Will the President’s Proposal Solve Social Security’s Crisis?

Studies | Social Security

No. 280
Wednesday, November 16, 2005
by Andrew J. Rettenmaier and Thomas R. Saving


Evaluation of the Pozen Progressive Benefit Formula

Table III - Composition of Total Benefits with Progressive Indexing and 4 Percent Personal Retirement Accounts

The original proposal advocated by Robert Pozen retains scheduled benefits for a larger segment of the retired population than the adjustment evaluated above. Rather than starting progressive indexing at the first bend point in the current benefit formula as above, Pozen has suggested that a new earnings level be defined each year at which progressive indexing begins to affect the calculation of benefits. Specifically, the new bend point would be the first bend point plus 28.6 percent of the difference between the second and first bend point.9 Because this new bend point is above the first bend point, a greater share of new retirees will receive their full scheduled Social Security benefits before the benefit offset. As with the adjustment described above, maximum earners receive benefits from Social Security that are indexed for prices rather than wages. Given that Social Security is paying 100 percent of scheduled benefits, before the benefit offset, to a larger share of retirees, the Pozen version of a progressively price indexed benefit formula, combined with 4 percent PRAs will be more expensive than the one just evaluated. Recall that the adjustment to the benefit formula suggested by Pozen was in conjunction with 2 percent PRAs rather than 4 percent accounts.

For illustrative purposes we now repeat the exercises performed above using the Pozen benefit formula and 4 percent accounts. Table III shows the composition of total benefits for workers born in 1960, 1980 and 2000. As expected from the similarities in the two benefit formulas, the composition of benefits for the very low earners and the maximum earners are identical in both exercises. In the Pozen formula, low earners’ progressive price indexed benefits equal 100 percent of their scheduled benefits. In the previous simulation, however, progressive price indexation resulted in reformed defined benefits slightly less than 100 percent of this group’s scheduled benefits. The reformed defined benefits and total benefits for the low, medium and high earning groups in each birth year exceed the benefits based on the previous simulation. Figures VI and VII parallel Figures II and III and provide a graphical representation of the net Social Security benefit, the PRA annuity and the total benefit for workers born in 1980 and 2000.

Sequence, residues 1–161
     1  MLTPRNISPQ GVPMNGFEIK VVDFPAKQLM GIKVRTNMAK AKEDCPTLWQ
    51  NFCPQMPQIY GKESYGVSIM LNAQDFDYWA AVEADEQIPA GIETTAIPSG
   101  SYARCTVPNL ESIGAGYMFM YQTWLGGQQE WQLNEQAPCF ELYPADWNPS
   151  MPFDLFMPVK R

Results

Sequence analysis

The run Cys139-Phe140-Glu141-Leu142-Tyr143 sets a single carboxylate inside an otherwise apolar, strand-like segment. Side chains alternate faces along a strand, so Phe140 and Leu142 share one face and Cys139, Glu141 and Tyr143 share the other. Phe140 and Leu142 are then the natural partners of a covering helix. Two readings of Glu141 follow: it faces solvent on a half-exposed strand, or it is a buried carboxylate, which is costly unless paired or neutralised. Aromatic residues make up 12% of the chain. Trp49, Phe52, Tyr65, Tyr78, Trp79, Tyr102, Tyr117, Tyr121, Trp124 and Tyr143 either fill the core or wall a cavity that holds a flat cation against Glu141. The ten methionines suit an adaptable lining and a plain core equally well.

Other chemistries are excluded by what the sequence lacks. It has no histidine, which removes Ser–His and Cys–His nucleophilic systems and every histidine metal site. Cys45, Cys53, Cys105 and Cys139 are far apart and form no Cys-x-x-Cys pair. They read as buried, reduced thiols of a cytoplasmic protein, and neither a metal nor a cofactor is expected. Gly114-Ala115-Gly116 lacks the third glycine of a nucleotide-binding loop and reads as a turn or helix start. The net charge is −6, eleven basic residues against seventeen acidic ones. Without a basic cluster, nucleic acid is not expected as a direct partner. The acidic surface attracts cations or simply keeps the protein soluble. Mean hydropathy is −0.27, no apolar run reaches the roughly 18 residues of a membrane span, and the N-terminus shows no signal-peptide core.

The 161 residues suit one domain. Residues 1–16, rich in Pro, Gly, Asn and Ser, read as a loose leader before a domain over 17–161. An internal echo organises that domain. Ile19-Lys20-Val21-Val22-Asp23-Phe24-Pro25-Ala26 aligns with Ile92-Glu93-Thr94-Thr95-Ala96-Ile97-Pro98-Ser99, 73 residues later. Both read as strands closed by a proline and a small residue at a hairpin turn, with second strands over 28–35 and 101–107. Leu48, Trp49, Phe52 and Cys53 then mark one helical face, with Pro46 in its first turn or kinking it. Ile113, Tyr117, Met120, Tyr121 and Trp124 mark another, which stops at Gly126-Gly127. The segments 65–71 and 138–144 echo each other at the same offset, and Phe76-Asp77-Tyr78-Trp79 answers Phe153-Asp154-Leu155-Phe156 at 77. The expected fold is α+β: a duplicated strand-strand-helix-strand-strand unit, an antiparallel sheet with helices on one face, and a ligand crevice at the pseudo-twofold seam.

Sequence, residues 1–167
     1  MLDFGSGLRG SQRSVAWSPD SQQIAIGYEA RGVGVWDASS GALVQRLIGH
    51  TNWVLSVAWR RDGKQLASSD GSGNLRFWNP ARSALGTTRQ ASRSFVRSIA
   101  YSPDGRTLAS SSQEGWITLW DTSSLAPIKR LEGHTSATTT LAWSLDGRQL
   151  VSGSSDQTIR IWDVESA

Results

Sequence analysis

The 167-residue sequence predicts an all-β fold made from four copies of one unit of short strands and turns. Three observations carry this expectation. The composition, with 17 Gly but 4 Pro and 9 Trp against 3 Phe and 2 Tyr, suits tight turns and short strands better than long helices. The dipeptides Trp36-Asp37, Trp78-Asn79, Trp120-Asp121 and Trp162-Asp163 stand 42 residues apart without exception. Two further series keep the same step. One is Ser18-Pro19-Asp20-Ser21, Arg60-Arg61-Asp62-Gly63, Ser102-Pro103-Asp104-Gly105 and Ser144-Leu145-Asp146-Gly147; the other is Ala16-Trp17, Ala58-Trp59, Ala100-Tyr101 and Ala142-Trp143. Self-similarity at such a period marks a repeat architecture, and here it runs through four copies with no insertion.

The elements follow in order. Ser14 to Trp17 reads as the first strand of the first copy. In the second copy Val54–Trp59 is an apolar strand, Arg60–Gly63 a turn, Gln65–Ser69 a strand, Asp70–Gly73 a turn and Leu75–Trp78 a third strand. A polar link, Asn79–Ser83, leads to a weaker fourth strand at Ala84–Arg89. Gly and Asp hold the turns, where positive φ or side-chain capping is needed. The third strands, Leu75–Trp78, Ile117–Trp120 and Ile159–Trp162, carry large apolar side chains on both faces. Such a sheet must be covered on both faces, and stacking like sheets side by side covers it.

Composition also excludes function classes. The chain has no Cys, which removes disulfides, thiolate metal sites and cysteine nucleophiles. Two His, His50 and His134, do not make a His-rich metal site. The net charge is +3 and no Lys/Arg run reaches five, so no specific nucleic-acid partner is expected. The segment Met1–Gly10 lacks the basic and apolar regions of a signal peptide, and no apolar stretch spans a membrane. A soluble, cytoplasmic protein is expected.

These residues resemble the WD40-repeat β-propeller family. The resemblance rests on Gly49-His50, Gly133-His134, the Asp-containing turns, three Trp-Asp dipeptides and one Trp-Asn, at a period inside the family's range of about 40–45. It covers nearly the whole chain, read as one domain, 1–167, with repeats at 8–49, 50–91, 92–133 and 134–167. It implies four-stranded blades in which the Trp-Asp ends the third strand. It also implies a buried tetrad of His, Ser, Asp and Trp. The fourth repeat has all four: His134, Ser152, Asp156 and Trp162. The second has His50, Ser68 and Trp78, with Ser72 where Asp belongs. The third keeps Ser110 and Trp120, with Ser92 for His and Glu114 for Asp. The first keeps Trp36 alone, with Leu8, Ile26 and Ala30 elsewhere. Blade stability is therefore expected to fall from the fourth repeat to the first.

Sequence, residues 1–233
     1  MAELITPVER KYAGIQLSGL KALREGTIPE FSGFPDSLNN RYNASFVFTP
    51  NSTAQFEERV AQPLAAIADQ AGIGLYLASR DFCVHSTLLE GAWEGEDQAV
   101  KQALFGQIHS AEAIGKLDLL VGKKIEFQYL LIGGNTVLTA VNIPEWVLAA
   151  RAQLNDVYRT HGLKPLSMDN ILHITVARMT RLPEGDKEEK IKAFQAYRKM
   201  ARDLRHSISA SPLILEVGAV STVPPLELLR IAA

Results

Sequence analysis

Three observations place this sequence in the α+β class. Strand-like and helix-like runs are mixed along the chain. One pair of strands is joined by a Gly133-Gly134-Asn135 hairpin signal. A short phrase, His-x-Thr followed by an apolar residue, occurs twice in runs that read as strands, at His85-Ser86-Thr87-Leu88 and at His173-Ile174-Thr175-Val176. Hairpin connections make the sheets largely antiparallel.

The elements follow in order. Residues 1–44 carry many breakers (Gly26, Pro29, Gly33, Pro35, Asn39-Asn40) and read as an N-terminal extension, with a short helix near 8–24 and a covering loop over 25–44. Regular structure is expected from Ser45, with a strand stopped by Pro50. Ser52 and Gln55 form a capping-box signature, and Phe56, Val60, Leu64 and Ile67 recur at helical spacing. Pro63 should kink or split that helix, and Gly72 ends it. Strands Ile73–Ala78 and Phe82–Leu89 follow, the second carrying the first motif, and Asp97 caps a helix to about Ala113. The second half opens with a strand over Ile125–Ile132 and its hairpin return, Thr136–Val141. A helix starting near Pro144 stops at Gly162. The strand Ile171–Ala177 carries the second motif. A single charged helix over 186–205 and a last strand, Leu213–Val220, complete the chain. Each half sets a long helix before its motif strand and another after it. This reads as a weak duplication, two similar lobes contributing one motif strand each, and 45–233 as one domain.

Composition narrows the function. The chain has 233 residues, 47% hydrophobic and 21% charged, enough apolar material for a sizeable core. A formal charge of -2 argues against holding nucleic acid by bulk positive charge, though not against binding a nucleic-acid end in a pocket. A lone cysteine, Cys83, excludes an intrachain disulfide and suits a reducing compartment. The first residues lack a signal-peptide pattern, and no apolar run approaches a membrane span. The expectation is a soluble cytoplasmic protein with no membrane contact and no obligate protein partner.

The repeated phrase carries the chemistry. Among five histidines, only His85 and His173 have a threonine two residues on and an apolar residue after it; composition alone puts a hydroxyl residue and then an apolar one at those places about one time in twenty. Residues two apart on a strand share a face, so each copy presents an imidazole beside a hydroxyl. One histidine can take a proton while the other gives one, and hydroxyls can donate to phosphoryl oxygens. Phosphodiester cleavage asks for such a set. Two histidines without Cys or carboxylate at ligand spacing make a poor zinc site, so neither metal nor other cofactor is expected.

Figure VI - Total Benefits as a Percentage of Scheduled Benefits for Workers Born in 1980

The trade-off for the more generous benefits can be seen in Figures VIII and IX. Comparing Figures II and VIII, the Pozen formulation of progressive indexation reduces the cost of the system by less than the base formula. When combined with the benefit offsets, the ultimate cost rate falls below the reformed income rate by 2061 rather than in 2055 based on the first simulation. Figure IX indicates that by 2042 the Pozen plan would result in lower net costs than continuing the status quo. This is one year later than in the first simulation. Further, the greatest deficit with the Pozen proposal is 5.6 percent of payroll, whereas the greatest deficit with the base formulation was 5.4 percent of payroll.

Figure VII - Total Benefits as a Percentage of Scheduled Benefits for Workers Born in 2000

Figure VIII - Annual Revenues and Costs of OASI with and without Progressive Indexing and Personal Retirement Accounts

Figure IX - Income less Costs of OASI with and without Progressive Indexing and Personal Retirement Accounts


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